Timeless. Regal. Exclusive.

These were the first thoughts that came to mind, as I gazed upon the infamous Rembrandt self portrait that graced the walls of The Frick Collection. Yup! Another day, another museum to visit.

It felt surreal to be in such a place, being able to view exquisite masterpieces that had been hand-selected by Henry Clay Frick himself.

It should be stated at this point that I once had the opportunity of visiting The Frick Collection, but had prioritized my painting sessions over it. Looking back now, making the time out to visit would have done a world of good.

The Frick Collection is located at East 70th Street, New York. A sizeable expanse fenced and gated, surrounded by trees and green. Not a bad first impression at all. It is widely known to have a wonderful collection of paintings, sculptures, furniture and silverware.

The inside is absolutely stunning! Luxurious carpets, delicate embellished curtains, and spectacular furniture cordoned off by ropes. Not to mention, the remarkable paintings and sculptures that grace the walls and rooms.

Each room with a different setting from the other, with its own unique interior design. Quite reminiscent of European or English royalty. Needless to say, an appropriate home for the caliber of art in its keep. Unlike a typical museum, the Frick Collection takes one back in time; one almost feels as if walking with Frick himself through the rooms.

Once sorted at the payment desk, a listening guide was given, which proved very useful. Each work had a number; meaning one could simply press the number on the keypad and listen to a brief description of the artwork.

Almost too good to be true, you say? Perhaps.

NO PICTURES ALLOWED. Except in the inner garden.

And what a pity that was, because one would have to visit to truly bask in the experience.

Nonetheless, I made the most of the listening aid and noted down the most powerful paintings in my opinion. Do take the time to look these up.

Pieter Brueghel, The Three Soldiers
This painting once belonged to King Charles.

Jan Van Eyck and Workshop, Virgin and Child with Saints
It was commissioned in 1441. Although Van Eyck is believed to have begun the central part of the painting, his death in 1441 meant that his assistants completed the work.

T. Gainsborough, Mrs. Baker
The scenery, the serene look on Mrs. Baker’s face, the regal attire. One would want to keep staring or possibly follow Mrs. Baker’s gaze, out of curiosity.

George Romney, Lady Warwick and Children.
A painting commissioned by the Earl of Warwick at the time, the work was based on Henrietta the Countess of Warwick and the children. An adorable scene on first impression, however bearing a message on gender roles. The daughter is in a loving fond posture with the mother, while the young son is pictured in a pose and against a background that suggests the responsibility of the role he will one day bear as heir.

Titian, Pietro Aretinoand Portrait
Two beautifully painted portraits by the same artist, yet completely different characters depicted.
Pietro Aretino portrays a wealthy big man. Although on the bigger side, the man has an undaunted expression. Rich, brute strength. One cannot help but feel a sense of power and affluence coming from the rich man, with the great gold chain resting on his chest.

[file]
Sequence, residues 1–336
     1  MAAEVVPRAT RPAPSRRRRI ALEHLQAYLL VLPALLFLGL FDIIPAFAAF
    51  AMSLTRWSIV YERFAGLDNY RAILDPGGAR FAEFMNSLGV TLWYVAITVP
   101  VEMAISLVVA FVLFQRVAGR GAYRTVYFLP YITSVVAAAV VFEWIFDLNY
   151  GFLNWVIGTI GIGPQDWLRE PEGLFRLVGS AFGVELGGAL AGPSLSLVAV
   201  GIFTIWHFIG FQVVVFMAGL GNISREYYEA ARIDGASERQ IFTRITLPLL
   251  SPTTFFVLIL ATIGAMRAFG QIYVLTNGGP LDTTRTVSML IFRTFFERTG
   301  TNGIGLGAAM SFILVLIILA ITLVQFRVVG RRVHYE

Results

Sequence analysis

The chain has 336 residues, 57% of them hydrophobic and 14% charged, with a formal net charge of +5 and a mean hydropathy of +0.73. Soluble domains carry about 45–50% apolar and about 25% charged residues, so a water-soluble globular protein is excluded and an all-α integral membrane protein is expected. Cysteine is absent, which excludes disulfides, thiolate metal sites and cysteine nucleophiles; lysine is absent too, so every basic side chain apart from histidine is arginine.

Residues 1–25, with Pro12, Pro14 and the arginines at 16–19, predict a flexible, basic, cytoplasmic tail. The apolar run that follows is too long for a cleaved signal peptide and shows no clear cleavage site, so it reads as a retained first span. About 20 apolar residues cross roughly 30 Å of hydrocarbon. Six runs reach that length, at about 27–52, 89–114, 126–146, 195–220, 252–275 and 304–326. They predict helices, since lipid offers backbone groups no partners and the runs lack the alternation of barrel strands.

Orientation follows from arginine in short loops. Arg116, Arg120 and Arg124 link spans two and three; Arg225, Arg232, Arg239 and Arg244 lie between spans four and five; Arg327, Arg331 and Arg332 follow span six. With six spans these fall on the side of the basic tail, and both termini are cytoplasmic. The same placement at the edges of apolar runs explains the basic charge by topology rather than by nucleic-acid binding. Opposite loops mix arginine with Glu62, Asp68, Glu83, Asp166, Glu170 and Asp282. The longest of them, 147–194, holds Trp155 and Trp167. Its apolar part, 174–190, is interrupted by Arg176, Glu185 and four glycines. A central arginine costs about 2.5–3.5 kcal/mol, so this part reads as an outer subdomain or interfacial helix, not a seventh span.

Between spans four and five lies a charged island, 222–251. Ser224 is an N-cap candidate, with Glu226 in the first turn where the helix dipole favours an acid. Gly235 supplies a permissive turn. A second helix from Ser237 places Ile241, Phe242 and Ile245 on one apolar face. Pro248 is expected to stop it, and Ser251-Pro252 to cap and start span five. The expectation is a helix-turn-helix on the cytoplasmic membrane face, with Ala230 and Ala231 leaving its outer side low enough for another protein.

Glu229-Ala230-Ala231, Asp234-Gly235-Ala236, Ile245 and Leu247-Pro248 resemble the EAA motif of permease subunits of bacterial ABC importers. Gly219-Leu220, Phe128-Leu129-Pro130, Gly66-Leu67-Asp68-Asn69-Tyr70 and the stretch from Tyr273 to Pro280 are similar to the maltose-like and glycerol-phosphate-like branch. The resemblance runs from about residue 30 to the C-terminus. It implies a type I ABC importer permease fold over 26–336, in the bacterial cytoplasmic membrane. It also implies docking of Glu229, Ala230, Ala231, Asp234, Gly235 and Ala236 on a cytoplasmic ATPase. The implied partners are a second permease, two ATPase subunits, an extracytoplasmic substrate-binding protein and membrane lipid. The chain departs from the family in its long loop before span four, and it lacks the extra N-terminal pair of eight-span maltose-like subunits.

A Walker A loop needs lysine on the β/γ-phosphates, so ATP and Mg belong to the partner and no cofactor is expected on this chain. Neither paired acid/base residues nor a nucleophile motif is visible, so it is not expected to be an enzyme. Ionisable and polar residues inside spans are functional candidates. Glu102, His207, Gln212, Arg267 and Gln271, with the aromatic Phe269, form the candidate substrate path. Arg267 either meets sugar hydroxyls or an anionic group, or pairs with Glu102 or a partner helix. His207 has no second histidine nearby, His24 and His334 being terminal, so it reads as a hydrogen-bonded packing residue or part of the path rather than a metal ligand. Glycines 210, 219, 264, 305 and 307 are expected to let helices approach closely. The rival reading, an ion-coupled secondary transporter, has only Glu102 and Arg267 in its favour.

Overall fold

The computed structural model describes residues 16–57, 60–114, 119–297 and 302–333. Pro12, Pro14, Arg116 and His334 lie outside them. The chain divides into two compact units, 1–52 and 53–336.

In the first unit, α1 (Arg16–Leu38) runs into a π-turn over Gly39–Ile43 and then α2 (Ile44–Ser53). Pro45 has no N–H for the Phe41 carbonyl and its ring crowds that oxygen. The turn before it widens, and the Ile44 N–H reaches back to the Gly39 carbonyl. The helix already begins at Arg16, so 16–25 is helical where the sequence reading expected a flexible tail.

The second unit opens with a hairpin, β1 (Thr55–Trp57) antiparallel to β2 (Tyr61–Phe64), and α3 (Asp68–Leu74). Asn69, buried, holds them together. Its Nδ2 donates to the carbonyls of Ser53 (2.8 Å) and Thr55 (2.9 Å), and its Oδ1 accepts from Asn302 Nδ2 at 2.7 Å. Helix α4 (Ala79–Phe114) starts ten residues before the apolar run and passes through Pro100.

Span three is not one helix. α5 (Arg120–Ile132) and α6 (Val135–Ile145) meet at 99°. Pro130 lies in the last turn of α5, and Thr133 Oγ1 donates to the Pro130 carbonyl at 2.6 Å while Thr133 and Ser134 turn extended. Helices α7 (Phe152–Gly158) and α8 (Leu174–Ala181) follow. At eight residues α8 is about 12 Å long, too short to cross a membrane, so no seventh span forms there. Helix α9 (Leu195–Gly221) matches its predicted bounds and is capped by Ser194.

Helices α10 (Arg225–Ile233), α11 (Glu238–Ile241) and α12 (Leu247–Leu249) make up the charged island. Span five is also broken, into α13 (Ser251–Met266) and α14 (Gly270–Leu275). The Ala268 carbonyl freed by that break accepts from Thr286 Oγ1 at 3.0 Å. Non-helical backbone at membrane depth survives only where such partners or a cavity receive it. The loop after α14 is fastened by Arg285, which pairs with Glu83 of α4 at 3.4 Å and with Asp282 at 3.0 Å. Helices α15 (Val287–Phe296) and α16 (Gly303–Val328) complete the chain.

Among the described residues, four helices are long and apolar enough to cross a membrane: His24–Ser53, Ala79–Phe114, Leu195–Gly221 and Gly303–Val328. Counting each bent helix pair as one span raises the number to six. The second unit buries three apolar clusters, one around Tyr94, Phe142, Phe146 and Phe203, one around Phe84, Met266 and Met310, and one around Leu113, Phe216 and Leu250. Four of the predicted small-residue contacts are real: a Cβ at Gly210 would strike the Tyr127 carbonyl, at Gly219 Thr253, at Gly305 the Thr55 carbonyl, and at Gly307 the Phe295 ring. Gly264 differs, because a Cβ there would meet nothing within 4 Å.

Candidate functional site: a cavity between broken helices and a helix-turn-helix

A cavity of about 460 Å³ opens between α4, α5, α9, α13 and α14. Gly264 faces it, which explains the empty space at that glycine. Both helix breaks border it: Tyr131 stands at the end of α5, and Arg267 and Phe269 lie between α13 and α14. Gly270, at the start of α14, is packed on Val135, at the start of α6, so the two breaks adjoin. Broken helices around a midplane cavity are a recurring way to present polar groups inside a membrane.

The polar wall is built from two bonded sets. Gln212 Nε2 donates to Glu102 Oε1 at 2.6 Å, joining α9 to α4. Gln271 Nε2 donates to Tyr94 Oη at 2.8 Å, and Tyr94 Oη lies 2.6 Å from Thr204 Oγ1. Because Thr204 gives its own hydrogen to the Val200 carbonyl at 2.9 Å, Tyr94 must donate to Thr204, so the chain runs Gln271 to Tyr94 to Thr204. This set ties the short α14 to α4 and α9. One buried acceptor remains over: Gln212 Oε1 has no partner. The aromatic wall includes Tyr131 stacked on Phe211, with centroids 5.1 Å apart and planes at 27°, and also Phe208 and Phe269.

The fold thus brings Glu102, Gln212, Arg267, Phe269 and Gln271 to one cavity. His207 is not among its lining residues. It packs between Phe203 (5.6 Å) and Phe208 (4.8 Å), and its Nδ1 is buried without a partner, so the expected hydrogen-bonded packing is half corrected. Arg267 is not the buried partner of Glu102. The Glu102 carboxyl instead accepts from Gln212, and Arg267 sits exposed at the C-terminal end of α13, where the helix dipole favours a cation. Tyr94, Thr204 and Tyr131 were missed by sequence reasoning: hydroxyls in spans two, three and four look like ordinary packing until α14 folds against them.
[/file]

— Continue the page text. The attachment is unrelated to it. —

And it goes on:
A seemingly opposite portrayal of this great man is found on the left side of the room, titled Portrait. A young man, sweet and charming in appearance. A good skin tone with inviting features to boot. Generally, a young man any woman in those times would fall ‘head over heels’ in love with (swoons).

W. Hogarth, Miss Edwards
She was rumored at one time to be one of the wealthiest young single women in England. Although she married a terrible choice for a partner, she managed to regain control of her finances and keep her wealth. She belonged in the modern times if you ask me. A strong woman.

Scipione Pulzone, Jacopo Boncompagni, 1574
Very rich detail in this one.

Frans Hals, Portrait of an Elderly Man
Hals was a contemporary of Rembrandt.

H.G.E Degas, The Rehearsal
A delightful painting of ballerinas during a rehearsal session.

Claude Monet, Vetheuil in Winter
A cool colour scheme for a wintery scene, by the great Monet.

Jan Vermeer, Mistress and Maid
If someone had told me I would view a Vermeer this year, I would have laughed.
There were about five on view at the Frick. Some of which are Officer and Girl, and Girl at her Music.

Beautiful strokes, lovely color palette, attention to detail; all with an air of directness and simplicity that makes it all the more enchanting. A work by a true master.

Rembrandt, Portrait of Himself
So here I was, in front of one of Rembrandts self-portraits. It felt surreal. No longer an art assignment or Google search result, true art lay before me. This work showed Rembrandt as a huge man, although he was known to be quite small. In place of a crown, a large velvet beret sits on his head. It is believed that he may have used crushed jewels for the painting.

So pencil it down in your calendar people! For a memorable experience, viewing classic renaissance paintings and sculptures by masters of art, the Frick Collection is a must see!

Reference: The Frick Collection, Listening Guide, 2014.

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